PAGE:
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Cancer: Cervical & Ovarian Message Board


Cancer: Cervical & Ovarian Board Index


Pepper, I am just a little further along this road than you. I still don't understand the lgsil and hgsil, but think it refers to abnormal squamous cells. I don't know a lot about squamous cells except to say they are the cells on the exocervix (outer cervix). I've also read that 90% of women who have atypical pap/biopsy results have atypical squamous cells. Atypical squamous cells are more common and slower growing than atypical glandular cells.

That's about all I know. My diagnosis history began with a positive HPV/DNA test, clear paps (for 20+ years), clear colposcopy and no biopsy taken, but doctor also did an ECC. The ECC came back adenocarcinoma in situ and atypical glandular epithelial lesions. That lead to a cone biopsy and endocervical adenocarcinoma Ia1. Remember, my atypical cells are different from yours (the way I understand what you've written). The good news is that my only treatment will be a hysterectomy (cervix and uterus only) no chemo and no radiation. I am 44 and do not plan to have children.

I'm sure someone else will come a long and give you better information than I've given to you. I really just wnat to let you know you are not alone in this. (((hugs)))
Hi Brexmom, I totally understand your confusion and worry. You have found the right place to ask questions, though. There are many women here who will help you all they can.

Please forgive the length of this. I just started typing and got carried away.

Very much like you, I never had a bad pap and I went every year since I was 19 (and I am 45). My doctor did an HPV/dna test at my last pap in December. My pap came back normal (as usual) but the HPV test said I was positive for high risk HPV. I went to a gynecologist who did the colposcopy. There wasn't anything for her to biopsy, so she did an ECC (endocervical curettage). That came back adenocarcinoma in situ (AIS) (highest level of precancer). From there, she scheduled a cold knife cone biopsy. When she did the cone I went to day surgery. At that time she did another ECC, the cone biopsy, a D&C, and an endometrial biopsy. My cone came back adenocarcinoma Ia1.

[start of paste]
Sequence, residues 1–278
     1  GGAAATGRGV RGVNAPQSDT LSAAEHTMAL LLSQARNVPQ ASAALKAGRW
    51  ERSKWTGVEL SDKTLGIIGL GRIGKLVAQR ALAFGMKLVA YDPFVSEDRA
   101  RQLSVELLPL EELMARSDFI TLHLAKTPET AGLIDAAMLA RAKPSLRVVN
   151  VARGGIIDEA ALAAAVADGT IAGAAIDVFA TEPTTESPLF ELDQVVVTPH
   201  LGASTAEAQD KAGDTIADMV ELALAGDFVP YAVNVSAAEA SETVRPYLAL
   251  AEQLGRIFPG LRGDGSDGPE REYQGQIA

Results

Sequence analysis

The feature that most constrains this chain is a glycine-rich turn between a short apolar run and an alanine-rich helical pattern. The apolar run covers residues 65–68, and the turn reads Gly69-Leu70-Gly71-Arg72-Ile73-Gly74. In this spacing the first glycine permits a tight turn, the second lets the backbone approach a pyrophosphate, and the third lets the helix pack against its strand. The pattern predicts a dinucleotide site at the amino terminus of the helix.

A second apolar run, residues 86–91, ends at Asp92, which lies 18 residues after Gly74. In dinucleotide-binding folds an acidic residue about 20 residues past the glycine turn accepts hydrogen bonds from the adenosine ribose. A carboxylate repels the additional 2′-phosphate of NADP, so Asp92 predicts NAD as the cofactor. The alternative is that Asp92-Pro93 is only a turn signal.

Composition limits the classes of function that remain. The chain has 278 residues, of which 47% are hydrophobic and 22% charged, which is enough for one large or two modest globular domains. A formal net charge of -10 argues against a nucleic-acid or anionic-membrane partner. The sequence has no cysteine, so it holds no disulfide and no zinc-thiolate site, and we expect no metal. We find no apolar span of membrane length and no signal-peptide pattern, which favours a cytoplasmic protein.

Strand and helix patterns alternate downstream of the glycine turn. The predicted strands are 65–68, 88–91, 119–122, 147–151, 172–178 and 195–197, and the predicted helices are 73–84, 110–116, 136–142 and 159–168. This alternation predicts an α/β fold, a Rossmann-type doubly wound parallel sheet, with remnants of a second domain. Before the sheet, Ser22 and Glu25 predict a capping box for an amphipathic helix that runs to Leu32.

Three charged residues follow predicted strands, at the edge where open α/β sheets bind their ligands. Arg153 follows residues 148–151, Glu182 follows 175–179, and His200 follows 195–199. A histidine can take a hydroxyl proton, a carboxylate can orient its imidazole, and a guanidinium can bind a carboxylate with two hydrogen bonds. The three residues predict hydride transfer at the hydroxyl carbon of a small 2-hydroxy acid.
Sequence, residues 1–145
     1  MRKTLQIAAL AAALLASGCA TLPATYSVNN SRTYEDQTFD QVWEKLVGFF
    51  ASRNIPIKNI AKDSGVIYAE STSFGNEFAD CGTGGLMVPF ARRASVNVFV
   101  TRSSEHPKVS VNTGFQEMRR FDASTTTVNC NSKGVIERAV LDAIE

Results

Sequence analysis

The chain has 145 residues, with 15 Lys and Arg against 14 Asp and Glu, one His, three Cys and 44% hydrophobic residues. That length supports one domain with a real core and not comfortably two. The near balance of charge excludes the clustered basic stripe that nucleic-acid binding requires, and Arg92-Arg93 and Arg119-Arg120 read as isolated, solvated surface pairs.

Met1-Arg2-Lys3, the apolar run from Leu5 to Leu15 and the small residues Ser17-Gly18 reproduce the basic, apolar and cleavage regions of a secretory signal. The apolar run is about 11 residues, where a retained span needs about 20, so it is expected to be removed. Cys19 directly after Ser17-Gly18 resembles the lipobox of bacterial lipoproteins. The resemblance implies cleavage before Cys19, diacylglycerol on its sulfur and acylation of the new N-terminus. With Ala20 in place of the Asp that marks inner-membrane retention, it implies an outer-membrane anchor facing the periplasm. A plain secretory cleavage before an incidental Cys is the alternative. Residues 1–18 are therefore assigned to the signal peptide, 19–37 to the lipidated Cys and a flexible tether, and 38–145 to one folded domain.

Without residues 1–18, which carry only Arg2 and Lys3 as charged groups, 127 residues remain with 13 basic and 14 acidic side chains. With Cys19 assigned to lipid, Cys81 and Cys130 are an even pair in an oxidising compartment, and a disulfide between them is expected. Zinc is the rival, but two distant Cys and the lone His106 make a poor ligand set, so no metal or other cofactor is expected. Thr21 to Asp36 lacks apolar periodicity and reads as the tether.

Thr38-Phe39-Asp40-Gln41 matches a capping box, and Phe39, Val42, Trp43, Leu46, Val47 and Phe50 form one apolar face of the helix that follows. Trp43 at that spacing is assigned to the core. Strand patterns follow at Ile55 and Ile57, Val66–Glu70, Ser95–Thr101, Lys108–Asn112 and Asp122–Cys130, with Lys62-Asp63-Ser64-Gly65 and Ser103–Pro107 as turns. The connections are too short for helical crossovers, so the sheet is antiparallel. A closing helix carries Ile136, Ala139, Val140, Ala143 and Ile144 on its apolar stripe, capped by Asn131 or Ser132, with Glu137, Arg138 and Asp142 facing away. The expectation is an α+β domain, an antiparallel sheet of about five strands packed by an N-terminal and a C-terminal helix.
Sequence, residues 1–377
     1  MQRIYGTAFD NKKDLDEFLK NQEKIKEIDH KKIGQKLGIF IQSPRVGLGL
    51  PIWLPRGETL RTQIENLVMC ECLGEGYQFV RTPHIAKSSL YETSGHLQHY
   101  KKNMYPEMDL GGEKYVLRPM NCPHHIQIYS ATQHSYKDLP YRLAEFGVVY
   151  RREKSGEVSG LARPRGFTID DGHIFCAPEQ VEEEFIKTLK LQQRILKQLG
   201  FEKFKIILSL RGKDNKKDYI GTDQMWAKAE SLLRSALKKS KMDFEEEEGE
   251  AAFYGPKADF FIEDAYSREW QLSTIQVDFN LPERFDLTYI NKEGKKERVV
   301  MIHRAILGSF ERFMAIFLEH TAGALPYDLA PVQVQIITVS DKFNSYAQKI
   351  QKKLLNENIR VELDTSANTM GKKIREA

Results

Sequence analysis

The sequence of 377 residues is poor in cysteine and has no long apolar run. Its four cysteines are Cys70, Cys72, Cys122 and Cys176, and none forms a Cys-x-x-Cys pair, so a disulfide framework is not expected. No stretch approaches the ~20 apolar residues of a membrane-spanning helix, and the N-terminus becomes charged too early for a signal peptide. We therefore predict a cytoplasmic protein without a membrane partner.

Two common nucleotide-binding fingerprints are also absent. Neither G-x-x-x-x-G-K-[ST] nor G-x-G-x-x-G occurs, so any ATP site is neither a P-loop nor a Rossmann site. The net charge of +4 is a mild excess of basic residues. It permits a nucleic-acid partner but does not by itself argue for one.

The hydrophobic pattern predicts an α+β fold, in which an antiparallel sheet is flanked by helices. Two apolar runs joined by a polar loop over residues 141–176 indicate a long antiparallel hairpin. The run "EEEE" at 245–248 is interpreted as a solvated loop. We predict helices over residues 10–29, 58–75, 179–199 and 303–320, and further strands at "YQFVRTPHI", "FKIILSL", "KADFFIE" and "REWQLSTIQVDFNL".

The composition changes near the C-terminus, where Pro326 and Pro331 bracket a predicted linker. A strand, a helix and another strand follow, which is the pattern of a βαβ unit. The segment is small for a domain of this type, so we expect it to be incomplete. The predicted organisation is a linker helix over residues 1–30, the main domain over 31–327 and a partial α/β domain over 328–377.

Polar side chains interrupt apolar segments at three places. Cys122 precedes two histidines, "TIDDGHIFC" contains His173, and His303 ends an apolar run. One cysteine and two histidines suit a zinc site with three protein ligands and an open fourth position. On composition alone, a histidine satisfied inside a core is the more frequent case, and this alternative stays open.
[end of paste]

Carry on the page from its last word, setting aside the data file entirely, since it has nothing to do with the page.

I then scheduled an appointment with a gynecological oncologist. She told me since I had adenocarcinoma that I needed a total hysterectomy (uterus and cervix) but I could determine the fate of my ovaries. I did not need chemo or radiation. I scheduled my hysterectomy for June 19th. The day before that I had another cone biopsy which found another cancerous lesion, but it was still Ia1, so I was ok to have the total hyst. If the lesion had been larger/deeper, then I would have had to have had a radical hyst and lymph nodes removed. The pathology report from my hyst said that there was no residual cancer. All cancer was removed during the cone biopsies.

The reason I had to have the hyst anyway is because of the type of cancer cells I had (glandular/columnar, not squamous). They might skip over good tissue and have a lesion just outside of the cone sample. So the recommendation is total hyst.

Why did my doctor do a D&C? She wanted to sample my uterus and its lining to determine if there were atypical cells (or cancer) there. For me, those came out clear.

Since you said you have HGSIL, I believe that means your atypical cells are squamous cells. This is better news than if they were glandular. Squamous cell dysplasia grow more slowly than glandular cell dysplasia. Squamous cells dysplasia is easier for the doctor to see and sample because they are on the outer third of the cervix (glandular cells are on the inner 2/3rds). Squamous cell dysplasia also spreads outward (as opposed to glandular which can "skip" over cells).

My thoughts (and hopes for you) are that your doctors have found this early enough that the cone biopsy might be diagnostic and treatment meaning that the cells they remove during the cone will remove all dysplasia. For me, it was just diagnostic since it found the cancer.

I have a few recommendations for you.

Get an appointment to a gynecological oncologist since you have CIN3 (CIN3 is precancerous). A regular gyn can do the cone and other biopsies, but you want a gyn/onc's expertise in how to treat your precancerous cells.

Get copies of your pap tests, the biopsies, and the HPV test. Learn what they say.

If you haven't gone to the Center for Disease control, I strongly suggest you do so. It will help explain a lot of things regarding HPV and cervical dysplasia. Personally, I was reading about cervical cancer when I got my HPV diagnosis, then REALLY read about it after the AIS diagnosis.

When you go to your doctors' appointments, take a written list of questions. Be sure to leave room to write the answers. You might consider taking 2 copies, one for you and one for the doctor.

I took a folder that had all of the information I had (pap results, blood test results, pathology reports, etc). That way, I had all pertinent information at my finger tips.

I hope that helps. Please check back with us!





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